Category Archives: Need to Know
You will cultivate a leadership style over time…in large part by learning from trial and error. You can accelerate the learning process and improve your effectiveness by remembering to adapt your interaction style to the behaviors and preferences of others, while never compromising your commitment to fairness, your firm’s values or your obligation to drive results.
Businesses of all sizes, shapes and ages run into rough patches. Rapid growth, disruptive competitors or technologies, regulatory changes or the end of the road for well-worn strategies are all potential culprits in the move from success to struggle. It’s critical at this point for a firm’s leaders and managers to react carefully and appropriately in this unfamiliar terrain or they risk moving quickly from flail to fail. They invite flailure. Here are 5 ideas to stem the tide when the flailing starts:
This is an annual post at Management Excellence, offered in the spirit of the Thanksgiving holiday here in the U.S. It’s a nice time for leaders to pause and recognize the many reasons they have to be thankful for the privilege of serving.
There will be bad days, tough situations or pivotal debates on key issues with colleagues that will trip your trigger and stimulate your fight (as in argue) or flight reflex. For some of us who never met a good knock-down argument we didn’t love, the situation will tempt our fight or fight-harder reflexes. And for those who tend to operate on the quiet side of the equation, sometimes you just need to be heard. Learning to match just the right level of emotion or passion to each situation is important in gaining support for your initiatives and gaining much needed credibility with team members and your firm’s senior leaders. Here are 7 ideas to help your cause:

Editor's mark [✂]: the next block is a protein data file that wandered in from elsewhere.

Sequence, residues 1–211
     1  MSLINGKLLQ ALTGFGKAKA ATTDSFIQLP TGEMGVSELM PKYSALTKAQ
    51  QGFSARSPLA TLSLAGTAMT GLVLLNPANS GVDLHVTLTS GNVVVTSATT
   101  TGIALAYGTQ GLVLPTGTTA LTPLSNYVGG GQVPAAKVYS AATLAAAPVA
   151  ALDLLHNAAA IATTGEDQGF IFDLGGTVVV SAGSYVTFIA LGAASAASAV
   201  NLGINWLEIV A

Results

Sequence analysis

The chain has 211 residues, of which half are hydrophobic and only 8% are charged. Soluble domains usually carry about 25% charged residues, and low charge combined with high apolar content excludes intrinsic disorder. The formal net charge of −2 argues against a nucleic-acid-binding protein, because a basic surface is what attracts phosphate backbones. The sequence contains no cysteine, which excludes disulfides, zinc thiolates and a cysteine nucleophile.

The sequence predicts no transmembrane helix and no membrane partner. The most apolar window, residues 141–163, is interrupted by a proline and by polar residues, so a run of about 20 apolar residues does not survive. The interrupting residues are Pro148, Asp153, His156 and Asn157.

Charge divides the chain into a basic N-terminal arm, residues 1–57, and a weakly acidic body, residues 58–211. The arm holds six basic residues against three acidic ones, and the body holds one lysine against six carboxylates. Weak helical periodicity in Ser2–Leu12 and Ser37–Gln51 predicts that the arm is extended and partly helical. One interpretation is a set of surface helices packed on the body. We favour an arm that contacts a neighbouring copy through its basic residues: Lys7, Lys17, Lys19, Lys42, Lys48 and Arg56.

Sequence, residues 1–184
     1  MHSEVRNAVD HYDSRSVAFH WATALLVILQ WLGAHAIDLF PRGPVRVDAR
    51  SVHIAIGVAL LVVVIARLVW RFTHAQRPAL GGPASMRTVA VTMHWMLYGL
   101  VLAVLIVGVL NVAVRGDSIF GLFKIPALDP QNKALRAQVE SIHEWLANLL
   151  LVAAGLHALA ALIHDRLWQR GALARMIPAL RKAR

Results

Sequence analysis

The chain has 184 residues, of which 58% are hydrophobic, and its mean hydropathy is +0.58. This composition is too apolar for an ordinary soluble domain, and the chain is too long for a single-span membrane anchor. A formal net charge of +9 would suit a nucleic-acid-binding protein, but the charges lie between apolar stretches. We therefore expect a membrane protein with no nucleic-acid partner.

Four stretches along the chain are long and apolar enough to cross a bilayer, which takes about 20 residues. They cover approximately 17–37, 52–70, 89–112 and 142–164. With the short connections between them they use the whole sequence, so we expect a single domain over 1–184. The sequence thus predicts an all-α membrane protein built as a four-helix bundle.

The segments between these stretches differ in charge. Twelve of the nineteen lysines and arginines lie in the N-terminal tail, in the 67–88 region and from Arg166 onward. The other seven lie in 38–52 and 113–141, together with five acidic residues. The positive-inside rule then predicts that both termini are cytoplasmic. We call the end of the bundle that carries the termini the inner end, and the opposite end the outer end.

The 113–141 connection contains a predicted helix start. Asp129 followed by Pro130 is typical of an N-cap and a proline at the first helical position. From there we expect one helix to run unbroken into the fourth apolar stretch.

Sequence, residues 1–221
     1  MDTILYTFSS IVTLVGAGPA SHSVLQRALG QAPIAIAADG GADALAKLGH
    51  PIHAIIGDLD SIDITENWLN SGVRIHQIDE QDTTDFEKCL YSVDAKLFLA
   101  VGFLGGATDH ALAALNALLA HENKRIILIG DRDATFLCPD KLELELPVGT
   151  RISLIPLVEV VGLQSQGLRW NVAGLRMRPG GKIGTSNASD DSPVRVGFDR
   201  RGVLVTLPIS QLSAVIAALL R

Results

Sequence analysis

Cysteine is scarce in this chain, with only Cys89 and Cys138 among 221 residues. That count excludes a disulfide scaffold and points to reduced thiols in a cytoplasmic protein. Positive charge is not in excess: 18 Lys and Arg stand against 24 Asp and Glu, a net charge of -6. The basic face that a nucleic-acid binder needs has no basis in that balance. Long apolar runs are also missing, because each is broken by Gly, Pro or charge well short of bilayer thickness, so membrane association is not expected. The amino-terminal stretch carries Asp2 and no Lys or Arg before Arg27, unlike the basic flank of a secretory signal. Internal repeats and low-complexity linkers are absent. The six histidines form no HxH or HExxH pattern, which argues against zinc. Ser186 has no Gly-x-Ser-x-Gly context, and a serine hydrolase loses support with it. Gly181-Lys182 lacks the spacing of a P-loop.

In the most recent post in this series, I emphasized the importance of carefully cultivating senior management team chemistry …particularly when it comes to neutralizing the impact of toxic participants. However, even with the positive situation of a ph-neutral group of senior leaders (including the CEO) at the management team roundtable, there’s still no guarantee of high performance. As we shift away from the issue of toxicity (a deal-killer for team performance) and move towards cultivating high performance at the senior management group level, the ideas of team cohesion and team attraction come into play. Here are 5 ideas to help you begin to promote team cohesion: